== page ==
By Rob Dillard, Iowa Public Radio

New research from the University of Iowa in Iowa City says the number of farm vehicle accidents in Missouri would decline by nearly 40%, if the state would adopt policies similar to industry standards for lighting and marking the machinery. Study author Corrine Peek-Asa with the school’s Great Plains Center for Agricultural Health says responsibility for these accidents should not fall entirely on the farmers.


Study suggests better marking of farm vehicles could reduce accidents

“It is usually not the operator of the farm equipment at fault,” Peek-Asa says. “More often these crashes are the fault of the other cars on the roadway.”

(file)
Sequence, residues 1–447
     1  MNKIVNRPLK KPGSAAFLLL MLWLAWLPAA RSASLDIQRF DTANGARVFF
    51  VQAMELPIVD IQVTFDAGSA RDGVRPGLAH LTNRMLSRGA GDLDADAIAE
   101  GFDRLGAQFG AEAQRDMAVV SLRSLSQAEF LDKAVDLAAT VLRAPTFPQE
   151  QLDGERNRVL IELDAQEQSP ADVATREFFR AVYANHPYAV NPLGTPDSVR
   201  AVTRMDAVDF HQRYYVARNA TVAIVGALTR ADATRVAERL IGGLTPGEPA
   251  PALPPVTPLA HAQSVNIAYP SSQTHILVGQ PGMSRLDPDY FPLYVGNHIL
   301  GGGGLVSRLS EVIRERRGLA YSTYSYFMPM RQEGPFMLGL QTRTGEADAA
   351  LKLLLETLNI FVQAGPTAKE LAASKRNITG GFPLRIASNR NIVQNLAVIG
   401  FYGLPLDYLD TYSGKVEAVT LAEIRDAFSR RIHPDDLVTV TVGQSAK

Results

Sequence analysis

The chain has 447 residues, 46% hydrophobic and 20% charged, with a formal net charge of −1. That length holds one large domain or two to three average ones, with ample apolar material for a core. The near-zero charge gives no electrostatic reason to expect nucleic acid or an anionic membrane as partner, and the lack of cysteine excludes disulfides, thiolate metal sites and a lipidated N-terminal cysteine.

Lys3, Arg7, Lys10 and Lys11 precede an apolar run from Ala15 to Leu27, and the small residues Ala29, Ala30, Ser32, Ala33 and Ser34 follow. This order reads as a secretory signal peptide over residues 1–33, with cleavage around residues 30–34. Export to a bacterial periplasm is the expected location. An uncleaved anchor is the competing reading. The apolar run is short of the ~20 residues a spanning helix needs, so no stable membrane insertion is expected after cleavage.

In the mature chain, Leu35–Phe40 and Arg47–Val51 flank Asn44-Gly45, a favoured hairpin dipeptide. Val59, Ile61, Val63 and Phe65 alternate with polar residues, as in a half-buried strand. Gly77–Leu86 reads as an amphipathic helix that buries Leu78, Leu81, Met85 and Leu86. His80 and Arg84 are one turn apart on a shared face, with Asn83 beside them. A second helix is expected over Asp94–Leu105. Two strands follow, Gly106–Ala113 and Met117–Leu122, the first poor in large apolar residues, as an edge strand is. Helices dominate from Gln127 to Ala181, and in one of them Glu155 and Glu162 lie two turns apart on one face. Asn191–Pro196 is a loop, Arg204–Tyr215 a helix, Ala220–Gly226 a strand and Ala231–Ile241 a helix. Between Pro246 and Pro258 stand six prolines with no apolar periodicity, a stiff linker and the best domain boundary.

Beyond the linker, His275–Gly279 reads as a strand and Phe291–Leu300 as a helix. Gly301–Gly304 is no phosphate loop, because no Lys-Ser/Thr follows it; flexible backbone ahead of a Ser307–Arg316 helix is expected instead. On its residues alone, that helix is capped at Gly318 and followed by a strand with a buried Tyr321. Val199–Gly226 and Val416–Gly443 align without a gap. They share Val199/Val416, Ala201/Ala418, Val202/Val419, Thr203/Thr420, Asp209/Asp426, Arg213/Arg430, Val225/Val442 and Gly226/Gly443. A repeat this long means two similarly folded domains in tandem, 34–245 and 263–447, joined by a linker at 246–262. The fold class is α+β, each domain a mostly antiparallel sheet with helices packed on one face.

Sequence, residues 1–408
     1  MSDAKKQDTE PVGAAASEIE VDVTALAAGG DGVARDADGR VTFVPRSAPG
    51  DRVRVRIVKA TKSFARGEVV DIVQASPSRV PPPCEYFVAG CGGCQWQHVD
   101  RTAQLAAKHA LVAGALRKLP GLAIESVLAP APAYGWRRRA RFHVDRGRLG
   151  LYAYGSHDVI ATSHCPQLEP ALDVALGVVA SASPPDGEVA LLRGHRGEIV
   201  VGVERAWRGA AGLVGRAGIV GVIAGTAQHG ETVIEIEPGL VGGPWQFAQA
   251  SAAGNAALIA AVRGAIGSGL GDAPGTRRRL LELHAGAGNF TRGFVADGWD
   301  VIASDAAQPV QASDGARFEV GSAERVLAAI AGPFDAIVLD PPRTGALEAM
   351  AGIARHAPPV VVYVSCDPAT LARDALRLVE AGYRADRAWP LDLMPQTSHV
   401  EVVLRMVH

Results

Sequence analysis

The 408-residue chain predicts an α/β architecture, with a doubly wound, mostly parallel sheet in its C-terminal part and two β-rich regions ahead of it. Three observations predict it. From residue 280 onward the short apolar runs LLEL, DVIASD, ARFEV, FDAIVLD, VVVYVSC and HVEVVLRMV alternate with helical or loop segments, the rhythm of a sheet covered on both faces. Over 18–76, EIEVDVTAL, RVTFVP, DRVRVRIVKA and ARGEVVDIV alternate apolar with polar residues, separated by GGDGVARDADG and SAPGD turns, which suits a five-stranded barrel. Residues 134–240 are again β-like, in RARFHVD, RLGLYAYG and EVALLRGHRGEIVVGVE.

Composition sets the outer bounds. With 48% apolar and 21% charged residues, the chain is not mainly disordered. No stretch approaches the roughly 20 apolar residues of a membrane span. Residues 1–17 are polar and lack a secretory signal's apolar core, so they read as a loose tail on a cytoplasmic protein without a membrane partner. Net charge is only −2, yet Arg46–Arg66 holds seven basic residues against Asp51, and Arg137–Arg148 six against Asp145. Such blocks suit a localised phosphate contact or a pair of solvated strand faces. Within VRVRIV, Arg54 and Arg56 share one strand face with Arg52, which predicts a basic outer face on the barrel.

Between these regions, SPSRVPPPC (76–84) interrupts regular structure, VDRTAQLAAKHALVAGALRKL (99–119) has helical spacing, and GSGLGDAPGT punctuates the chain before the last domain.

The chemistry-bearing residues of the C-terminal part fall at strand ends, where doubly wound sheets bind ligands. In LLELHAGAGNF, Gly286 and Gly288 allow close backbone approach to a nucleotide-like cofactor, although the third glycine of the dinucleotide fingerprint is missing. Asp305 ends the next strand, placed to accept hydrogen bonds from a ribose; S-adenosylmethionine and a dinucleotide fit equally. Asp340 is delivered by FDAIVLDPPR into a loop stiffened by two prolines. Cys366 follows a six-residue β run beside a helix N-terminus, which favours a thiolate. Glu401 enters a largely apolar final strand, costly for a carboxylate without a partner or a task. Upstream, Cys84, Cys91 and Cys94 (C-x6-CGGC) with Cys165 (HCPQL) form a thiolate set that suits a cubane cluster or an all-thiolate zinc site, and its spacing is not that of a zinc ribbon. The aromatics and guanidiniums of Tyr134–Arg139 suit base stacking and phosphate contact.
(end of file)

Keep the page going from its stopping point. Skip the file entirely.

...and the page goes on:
The average number of farm related crashes in Missouri each year is 157. The study says that figure could decline to about 62, if such policy changes are made.

“I think our baseline goal is to catch the attention of rural communities, and especially awareness that rural roadway safety is a shared responsibility,” Peek-Asa says.

The research involved regulations in nine Midwestern states where, on average, there are 1,100 total farm vehicle-related crashes a year.

The study is published in the current issue of the Journal of Occupational and Environmental Medicine.